Blog

President Biden Enacts Congressional Legislation Averting a National Rail Strike

  • Blog

    President Biden Enacts Congressional Legislation Averting a National Rail Strike

    On December 2, President Biden signed into law federal legislation narrowly preventing an impending rail labor strike set to officially take place on December 9. Following years of stagnant and often stalled negotiations between organizations representing rail workers and railroad owners, serious concerns arose that a strike could happen at a time when the nation’s supply chain is already severely strained. Significant negative impacts were projected to ripple across the country as the result of a strike, including factors that could have limited the ability of America’s counties to serve our residents.

    Averted in the short-term in September, the potential for worker stoppage has loomed heavily this week as the end of the “cooling off” period between railroads and organized labor nears on December 9, marking the day when workers could strike. On November 30, the U.S. House held a strongly bipartisan 290 to 137 vote to intervene in negotiations with the passage of H.J. Res. 100, a measure that will impose recommendations on the parties issued by the White House’s Presidential Emergency Board (PEB) in August.

    While the recommendations are a result of negotiations between rail owners, labor unions and the Biden Administration, they were ultimately rejected by four of the twelve rail labor unions. Among other provisions, the PEB recommendations will increase worker pay by 24 percent over five years through 2024, with a 14 percent increase effective immediately, and provide for one day of paid sick leave to workers.

    The amount of paid sick leave available to workers remains the major sticking point in negotiations as unions have sought up to fifteen days along with additional flexibility on when the days can be used. In response, the U.S. House additionally voted 221 to 207 to pass H. Con. Res. 190, an amendment to H.J. Res. 100 that would have provided seven paid sick days. Both pieces of legislation then advanced to the U.S. Senate, where they were considered on December 1.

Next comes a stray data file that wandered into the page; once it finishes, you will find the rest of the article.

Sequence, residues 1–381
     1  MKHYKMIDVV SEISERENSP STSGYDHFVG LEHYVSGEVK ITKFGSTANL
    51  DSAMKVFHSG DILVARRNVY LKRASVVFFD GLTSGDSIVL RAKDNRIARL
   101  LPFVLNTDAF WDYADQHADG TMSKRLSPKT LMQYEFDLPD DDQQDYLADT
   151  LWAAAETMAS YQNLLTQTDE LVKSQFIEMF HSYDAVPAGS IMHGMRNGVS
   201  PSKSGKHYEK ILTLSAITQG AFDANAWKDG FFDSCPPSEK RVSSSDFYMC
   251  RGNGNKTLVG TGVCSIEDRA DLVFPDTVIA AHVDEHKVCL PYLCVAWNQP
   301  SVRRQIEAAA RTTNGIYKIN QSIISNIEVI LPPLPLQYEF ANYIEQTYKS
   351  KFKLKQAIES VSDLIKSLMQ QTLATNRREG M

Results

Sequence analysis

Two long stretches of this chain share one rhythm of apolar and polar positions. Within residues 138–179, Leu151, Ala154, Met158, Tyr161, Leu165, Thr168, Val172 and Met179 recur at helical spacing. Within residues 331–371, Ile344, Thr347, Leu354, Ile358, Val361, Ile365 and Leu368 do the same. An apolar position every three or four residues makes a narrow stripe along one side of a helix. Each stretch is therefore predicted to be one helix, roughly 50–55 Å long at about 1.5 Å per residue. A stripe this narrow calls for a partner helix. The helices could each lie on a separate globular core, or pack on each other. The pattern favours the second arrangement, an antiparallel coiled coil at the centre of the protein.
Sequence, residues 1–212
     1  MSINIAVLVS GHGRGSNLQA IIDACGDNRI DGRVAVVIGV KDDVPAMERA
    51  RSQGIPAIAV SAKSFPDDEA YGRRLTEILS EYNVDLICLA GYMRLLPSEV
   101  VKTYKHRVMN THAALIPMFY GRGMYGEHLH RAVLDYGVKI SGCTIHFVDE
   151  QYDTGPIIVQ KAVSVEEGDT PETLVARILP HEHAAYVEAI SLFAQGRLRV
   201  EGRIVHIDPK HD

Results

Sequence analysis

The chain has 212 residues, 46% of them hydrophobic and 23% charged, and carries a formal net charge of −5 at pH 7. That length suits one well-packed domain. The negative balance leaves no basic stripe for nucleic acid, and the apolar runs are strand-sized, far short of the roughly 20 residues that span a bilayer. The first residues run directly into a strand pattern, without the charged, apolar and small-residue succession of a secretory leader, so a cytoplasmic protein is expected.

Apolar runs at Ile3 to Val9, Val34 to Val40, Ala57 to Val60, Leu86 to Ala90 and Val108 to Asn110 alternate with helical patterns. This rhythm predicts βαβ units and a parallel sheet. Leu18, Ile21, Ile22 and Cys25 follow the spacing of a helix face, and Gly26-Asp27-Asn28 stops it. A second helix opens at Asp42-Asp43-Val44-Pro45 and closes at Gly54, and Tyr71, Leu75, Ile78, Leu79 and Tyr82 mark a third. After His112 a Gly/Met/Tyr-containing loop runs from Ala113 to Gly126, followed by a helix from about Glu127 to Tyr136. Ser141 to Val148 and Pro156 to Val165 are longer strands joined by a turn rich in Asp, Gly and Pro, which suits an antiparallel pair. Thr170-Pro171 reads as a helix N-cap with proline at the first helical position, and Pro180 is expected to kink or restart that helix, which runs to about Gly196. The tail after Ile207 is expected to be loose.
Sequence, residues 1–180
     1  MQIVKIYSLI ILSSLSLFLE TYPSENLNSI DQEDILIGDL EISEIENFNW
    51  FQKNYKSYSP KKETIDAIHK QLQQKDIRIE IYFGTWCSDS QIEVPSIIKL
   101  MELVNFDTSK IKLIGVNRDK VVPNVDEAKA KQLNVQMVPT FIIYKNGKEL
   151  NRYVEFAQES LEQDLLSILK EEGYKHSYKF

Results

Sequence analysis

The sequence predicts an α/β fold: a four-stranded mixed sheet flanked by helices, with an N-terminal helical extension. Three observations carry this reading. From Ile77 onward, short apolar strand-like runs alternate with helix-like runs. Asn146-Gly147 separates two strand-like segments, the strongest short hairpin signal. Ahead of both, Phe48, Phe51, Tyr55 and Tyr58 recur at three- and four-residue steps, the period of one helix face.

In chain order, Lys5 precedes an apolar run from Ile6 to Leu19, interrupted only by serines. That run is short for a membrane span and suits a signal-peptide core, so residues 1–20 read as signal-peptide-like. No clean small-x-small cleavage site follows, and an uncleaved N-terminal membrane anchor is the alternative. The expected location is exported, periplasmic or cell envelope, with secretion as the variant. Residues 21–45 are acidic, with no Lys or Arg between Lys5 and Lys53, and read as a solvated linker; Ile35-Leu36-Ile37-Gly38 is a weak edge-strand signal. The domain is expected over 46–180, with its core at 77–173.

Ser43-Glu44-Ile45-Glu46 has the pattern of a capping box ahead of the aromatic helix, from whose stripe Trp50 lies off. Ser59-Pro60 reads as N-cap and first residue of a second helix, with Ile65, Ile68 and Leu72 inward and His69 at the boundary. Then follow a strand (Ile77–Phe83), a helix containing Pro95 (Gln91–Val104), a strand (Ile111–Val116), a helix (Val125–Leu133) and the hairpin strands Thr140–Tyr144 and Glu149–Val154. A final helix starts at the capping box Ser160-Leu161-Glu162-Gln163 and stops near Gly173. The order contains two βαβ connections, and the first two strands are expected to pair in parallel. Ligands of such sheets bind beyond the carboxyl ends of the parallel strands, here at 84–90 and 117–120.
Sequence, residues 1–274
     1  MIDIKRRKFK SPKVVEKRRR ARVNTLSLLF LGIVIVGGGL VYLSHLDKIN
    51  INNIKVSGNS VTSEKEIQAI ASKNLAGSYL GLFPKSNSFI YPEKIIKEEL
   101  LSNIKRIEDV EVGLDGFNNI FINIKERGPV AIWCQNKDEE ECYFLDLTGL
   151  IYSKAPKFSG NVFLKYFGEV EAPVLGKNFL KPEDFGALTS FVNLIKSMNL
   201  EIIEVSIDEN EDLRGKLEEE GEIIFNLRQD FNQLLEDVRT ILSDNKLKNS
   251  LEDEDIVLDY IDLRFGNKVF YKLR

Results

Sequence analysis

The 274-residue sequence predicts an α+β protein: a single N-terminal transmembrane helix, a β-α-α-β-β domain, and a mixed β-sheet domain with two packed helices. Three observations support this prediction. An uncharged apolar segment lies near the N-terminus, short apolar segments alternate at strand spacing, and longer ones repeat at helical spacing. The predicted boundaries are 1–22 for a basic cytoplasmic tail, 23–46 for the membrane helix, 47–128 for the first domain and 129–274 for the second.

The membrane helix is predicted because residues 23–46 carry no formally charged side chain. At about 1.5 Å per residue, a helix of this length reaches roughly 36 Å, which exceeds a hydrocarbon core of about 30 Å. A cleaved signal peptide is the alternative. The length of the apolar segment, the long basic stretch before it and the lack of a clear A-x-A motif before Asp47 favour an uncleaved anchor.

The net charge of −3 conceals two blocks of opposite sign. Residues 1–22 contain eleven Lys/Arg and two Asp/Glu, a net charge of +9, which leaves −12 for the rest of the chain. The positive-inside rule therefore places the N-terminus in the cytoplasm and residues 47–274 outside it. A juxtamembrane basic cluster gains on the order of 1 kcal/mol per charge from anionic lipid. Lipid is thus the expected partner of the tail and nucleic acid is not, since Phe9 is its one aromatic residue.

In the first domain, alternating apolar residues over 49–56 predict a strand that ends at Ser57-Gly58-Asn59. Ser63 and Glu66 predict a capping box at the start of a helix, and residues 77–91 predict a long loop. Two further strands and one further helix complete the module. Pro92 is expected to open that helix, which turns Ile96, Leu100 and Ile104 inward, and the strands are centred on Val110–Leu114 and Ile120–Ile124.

On December 1, the U.S. Senate voted to pass H.J. Res. 100 in a vote of 80 to 15 to 1, with Senator Rand Paul (R-Ky.) voting present. The Upper Chamber also considered the paid sick leave provision, and while the measure had bipartisan support, it ultimately failed in a 52 – 43 vote. An additional amendment was offered in the Senate to extend negotiations by 60 days, though it also failed in a 70 – 26 vote.

    In the absence of an agreement between workers and owners, the U.S. Congress has the power to intervene under the Railway Labor Act. Last used in 1992, when it successfully ended a two-day strike, the special power granted to Congress to intervene in rail negotiations is often a last resort for members of both parties who prefer the outcome of a successful negotiation process between railroad workers and owners.

    Avoiding a freight rail strike is critical, and counties appreciate the necessary action taken by our federal partners to ensure vital operations can continue. Counties strongly support the efficient and uninterrupted operation of the nation’s freight rail system, which impacts major county responsibilities ranging from agriculture to transportation to water sanitation. 

    On December 2, President Biden signed into law federal legislation narrowly preventing an impending rail labor strike set to officially take place on December 9.
    2022-12-02
    Blog
    2022-12-02
President Biden signs legislation to avert national rail strike